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Repair of Large Left Ventricular Pseudoaneurysm

Tuesday, January 12, 2016

A 53-year-old male non-smoker with a family history of ischemic heart disease presented six weeks after a myocardial infarction, exhibiting worsening shortness of breath. The patient was normally fit and well. A recent coronary angiogram revealed severe three-vessel disease. A transthoracic echocardiogram (TTE) showed a large left ventricle (LV) pseudoaneurysm, moderate mitral regurgitation, and poor left ventricular function (ejection fraction was 30%).

The patient underwent an emergency LV pseudoaneurysm repair and coronary artery bypass graft x 1 (vein to left anterior descending artery). The right femoral vessels were exposed and then cannulated. A median sternotomy was performed before cardiopulmonary bypass was carried out. The pericardium was opened and a large LV pseudoaneurysm was identified. The surrounding infarction area involved mainly the lateral LV wall and part of the RCA territory. The adhesions were dissected out, and cardiopulmonary bypass was instituted. The pseudoaneurysm, consisting of a thin fibrotic pericardial sac, was then opened. The LV rupture was noted. The mitral valve and the papillary muscles were intact. The LV rupture site was repaired with two-layer patches (Dacron and Bovine pericardial patch) in order to reinforce the repair. The LAD target was identified and grafted with a vein. There were no other graftable targets. After the repair, the transesophageal echocardiogram (TEE) showed a persistently poor LV systolic function. Although the patient required only minimum inotropic support to be weaned off bypass, it was decided to insert an intra-aortic balloon pump.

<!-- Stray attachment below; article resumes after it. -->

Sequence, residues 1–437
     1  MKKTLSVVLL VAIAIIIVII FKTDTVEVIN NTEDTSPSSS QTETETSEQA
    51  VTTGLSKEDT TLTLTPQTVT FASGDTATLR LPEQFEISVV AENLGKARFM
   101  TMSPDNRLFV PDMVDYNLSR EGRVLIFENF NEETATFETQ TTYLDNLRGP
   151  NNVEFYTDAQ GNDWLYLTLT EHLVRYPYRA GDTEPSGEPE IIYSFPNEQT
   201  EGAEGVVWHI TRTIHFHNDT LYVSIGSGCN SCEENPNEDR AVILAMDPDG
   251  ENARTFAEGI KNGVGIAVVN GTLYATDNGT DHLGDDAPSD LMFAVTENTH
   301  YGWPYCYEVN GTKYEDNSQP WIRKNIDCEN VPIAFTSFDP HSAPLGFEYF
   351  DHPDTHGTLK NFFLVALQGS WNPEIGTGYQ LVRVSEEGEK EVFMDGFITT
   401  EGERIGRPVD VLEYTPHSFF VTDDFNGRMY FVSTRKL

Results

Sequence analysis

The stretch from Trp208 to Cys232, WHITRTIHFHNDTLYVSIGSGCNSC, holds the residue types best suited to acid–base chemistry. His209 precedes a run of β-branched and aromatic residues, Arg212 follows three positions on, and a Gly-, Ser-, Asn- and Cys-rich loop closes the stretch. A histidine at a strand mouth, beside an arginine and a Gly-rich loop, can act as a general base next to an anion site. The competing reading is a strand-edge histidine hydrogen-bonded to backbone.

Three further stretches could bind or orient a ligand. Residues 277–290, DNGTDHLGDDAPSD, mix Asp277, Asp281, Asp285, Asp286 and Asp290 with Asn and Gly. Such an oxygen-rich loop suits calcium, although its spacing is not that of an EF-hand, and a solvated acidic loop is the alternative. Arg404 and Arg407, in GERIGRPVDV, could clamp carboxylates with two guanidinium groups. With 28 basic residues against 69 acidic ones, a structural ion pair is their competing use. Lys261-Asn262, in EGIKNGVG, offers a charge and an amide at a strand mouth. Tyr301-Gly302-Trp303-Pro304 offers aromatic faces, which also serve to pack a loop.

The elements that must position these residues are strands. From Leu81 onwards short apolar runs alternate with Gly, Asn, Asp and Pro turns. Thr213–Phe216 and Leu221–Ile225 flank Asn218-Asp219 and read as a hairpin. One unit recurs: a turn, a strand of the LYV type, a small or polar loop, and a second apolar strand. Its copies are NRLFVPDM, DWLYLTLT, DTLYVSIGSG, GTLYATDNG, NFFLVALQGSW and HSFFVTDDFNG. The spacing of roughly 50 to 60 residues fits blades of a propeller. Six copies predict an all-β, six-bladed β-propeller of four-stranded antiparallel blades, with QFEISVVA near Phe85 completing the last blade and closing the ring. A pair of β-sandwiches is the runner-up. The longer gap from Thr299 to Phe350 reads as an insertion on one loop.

The patient had a long intensive care unit stay, mainly because of respiratory complications, but ultimately made a good recovery and was discharged six weeks post-operatively.


  • Given the rarity of LV pseudoaneurysms, there is no consensus on treatment. A multidisciplinary decision was made to operate, as this was a matter of emergency. The rational was that the patient had myocardial infarction six weeks prior to his presentation. During this period, it was assumed that the heart tissue had already undergone the necessary changes that would make it easier to implant a patch. Any further delay was deemed unnecessary, as it might result in further clinical deterioration and an even higher-risk intervention.
  • The authors recommend implanting two patches to strengthen the repair, especially in large ruptures.
  • The patient had moderate mitral regurgitation. This was thought to be functional, therefore, it was decided not to intervene with respect to the mitral valve. After coming off bypass, intra-operative TEE showed mild MR. Further post-operative TTEs also showed mild MR.
  • Once the adhesions around the heart were dissected and the pseudoaneurysm assessed, cross-clamp was applied in order to reduce the ischemic time, especially in the context of severe coronary disease.
  • Although the benefit is uncertain, the authors would recommend intra-aortic balloon pump insertion to improve hemodynamics. In this case, it was certainly beneficial in the post-operative period, and the patient required only small doses of inotropes.

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